I mean I know Enterprise is 100 years before TOS, but even then, that is an age where humanity is and should be progressive and enlightened enough to not care if Reed is gay or not, and the way Reed was written, I get the impression his character would be obsessed with keeping his homosexuality a secret and be afraid of revealing it to anyone. And to me Reed being overly concerned and constantly worrying what his crew members think of him being gay in the 22nd century is sort of out of character for that era, and makes Reed look basically like he is neurotic, and not well adjusted. Just not a good example of a gay character...one who is self doubting and feels guilty for being gay, in a society that should be enlightened enough by the 22nd century to not care he is gay.

    Now, if there were to be an LGBT character in Star Trek, if they are gay or lesbian, it should be portrayed like its no big deal, and no one on Earth or in Starfleet thinks its a big deal. That precedent was sort of set by Dax already. Maybe a gay or lesbian first officer or something like that.

    Another idea I think may be interesting is what if there were a transsexual Vulcan? Now, unlike Earth or Starfleet in 22, 23, or the 24th centuries, where LGBT shouldn't be a big deal, I can see Vulcans, who are uber conservative and uber repressed, maybe having an issue with a transsexual Vulcan. Not unlike the shame T'pol had to face for being with a telepathic Vulcan, maybe Vulcan society struggles with the "logic" of a Vulcan who changes his or her gender, and lives as the opposite gender of their birth. I think that would be an interesting story line.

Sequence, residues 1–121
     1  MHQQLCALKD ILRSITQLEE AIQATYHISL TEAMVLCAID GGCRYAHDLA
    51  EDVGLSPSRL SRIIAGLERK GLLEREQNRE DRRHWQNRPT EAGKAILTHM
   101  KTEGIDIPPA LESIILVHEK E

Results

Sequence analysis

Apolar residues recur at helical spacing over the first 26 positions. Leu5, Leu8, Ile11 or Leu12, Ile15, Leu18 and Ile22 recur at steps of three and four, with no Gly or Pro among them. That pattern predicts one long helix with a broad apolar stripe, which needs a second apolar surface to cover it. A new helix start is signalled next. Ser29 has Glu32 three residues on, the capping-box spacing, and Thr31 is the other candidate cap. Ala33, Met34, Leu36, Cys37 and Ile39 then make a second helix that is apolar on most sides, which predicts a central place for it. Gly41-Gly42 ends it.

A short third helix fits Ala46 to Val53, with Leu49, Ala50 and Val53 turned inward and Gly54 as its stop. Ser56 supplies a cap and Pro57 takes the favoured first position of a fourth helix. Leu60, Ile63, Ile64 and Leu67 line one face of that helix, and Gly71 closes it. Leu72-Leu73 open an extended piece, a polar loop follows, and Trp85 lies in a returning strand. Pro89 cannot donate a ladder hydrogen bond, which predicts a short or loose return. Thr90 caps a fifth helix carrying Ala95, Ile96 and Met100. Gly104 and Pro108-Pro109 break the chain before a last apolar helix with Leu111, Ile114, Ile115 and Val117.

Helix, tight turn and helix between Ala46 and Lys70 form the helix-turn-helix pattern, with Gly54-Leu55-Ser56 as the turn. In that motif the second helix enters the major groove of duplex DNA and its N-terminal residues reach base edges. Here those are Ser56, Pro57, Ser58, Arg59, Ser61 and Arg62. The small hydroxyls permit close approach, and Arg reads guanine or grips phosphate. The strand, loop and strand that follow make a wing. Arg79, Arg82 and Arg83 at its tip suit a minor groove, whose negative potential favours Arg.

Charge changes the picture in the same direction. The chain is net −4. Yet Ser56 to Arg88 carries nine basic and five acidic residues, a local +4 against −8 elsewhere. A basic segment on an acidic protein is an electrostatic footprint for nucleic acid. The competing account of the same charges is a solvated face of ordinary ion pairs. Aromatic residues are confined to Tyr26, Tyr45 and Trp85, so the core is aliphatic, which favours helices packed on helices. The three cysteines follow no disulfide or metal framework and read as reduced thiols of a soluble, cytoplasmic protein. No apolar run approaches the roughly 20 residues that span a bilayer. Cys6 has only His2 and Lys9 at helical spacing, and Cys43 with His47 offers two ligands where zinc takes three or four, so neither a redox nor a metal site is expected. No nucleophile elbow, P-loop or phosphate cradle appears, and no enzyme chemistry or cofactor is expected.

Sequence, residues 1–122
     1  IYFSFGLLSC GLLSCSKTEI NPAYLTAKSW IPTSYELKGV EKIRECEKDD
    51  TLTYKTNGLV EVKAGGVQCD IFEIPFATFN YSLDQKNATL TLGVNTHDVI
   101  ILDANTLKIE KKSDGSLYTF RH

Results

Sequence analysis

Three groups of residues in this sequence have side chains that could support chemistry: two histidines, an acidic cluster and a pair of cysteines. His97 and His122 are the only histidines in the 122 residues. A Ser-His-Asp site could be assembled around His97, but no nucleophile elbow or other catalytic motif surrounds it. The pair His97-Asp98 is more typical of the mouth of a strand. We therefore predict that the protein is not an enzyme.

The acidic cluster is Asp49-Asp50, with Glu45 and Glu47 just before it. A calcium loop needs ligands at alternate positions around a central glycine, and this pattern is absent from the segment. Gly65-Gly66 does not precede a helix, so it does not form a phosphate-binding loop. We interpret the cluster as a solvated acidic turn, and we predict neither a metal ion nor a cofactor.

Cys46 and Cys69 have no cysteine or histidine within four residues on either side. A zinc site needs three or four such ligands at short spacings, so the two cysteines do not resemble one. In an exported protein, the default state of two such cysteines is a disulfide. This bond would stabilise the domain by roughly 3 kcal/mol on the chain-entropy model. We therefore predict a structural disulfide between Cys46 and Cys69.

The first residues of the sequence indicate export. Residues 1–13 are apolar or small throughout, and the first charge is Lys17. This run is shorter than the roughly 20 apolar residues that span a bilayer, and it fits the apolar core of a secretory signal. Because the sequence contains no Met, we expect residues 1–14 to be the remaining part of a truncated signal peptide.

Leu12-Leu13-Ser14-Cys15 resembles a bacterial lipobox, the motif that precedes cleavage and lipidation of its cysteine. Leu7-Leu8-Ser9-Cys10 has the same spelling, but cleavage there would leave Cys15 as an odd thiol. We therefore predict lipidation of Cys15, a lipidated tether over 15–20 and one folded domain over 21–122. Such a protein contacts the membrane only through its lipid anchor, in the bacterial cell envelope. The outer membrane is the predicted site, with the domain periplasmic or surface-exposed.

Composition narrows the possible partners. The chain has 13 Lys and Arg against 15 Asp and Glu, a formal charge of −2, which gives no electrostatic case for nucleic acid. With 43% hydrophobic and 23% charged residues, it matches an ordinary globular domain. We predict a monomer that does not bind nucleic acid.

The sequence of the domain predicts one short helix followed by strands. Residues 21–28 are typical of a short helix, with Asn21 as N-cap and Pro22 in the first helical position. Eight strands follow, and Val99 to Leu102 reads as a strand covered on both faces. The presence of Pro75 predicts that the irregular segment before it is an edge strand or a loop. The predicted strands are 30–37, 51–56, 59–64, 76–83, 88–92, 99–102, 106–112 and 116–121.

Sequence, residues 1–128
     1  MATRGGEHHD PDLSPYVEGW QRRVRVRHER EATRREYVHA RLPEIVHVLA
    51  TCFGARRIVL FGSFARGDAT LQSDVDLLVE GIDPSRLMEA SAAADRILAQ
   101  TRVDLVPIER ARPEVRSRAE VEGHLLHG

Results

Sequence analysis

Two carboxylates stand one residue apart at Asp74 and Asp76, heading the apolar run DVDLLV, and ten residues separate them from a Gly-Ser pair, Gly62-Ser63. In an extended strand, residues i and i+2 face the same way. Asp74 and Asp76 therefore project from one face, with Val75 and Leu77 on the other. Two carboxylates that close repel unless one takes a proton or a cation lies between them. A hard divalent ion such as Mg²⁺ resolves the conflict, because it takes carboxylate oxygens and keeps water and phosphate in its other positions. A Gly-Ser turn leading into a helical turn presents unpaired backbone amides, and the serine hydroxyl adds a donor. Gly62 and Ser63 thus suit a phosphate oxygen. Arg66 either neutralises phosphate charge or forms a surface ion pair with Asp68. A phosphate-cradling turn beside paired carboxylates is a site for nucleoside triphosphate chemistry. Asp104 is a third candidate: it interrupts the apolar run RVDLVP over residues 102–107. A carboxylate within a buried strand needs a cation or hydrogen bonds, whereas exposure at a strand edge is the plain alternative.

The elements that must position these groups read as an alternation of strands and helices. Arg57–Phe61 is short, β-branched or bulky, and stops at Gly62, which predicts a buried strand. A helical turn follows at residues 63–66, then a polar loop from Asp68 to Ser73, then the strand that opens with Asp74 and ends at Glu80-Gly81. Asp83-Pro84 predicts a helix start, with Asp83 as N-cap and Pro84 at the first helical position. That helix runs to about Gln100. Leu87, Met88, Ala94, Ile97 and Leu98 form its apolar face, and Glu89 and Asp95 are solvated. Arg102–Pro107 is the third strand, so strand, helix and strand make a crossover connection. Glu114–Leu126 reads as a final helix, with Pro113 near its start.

15. Mage

    Mage Commodore Commodore

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    ^^^^ We've had a gay Vulcan in New Frontier, so in TrekLit-canon, they excist. I suppose it makes the concept of a transsexual/transgender Vulcan possible.
     
  16. borgboy

    borgboy Commodore Commodore

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    Actually, there's a gay Vulcan and a non-heteronormative Vulcan in New Frontier - Selar has a relationship with the hermaphrodite Burgoyne. We don't really have a label for that, that I know of, so I don't know if I'd say she was bisexual, but maybe she was anyways.
    Vanguard also had a lesbian Vulcan.
    If transgenderism is an acknowledged medical condition, then I'd think that it would be logical for the trans Vulcan to live as their innate gender. For all we know, it's commonplace for trans Vulcans to be born and transition early in life, and that's the Federation norm, so no one thinks anything of it.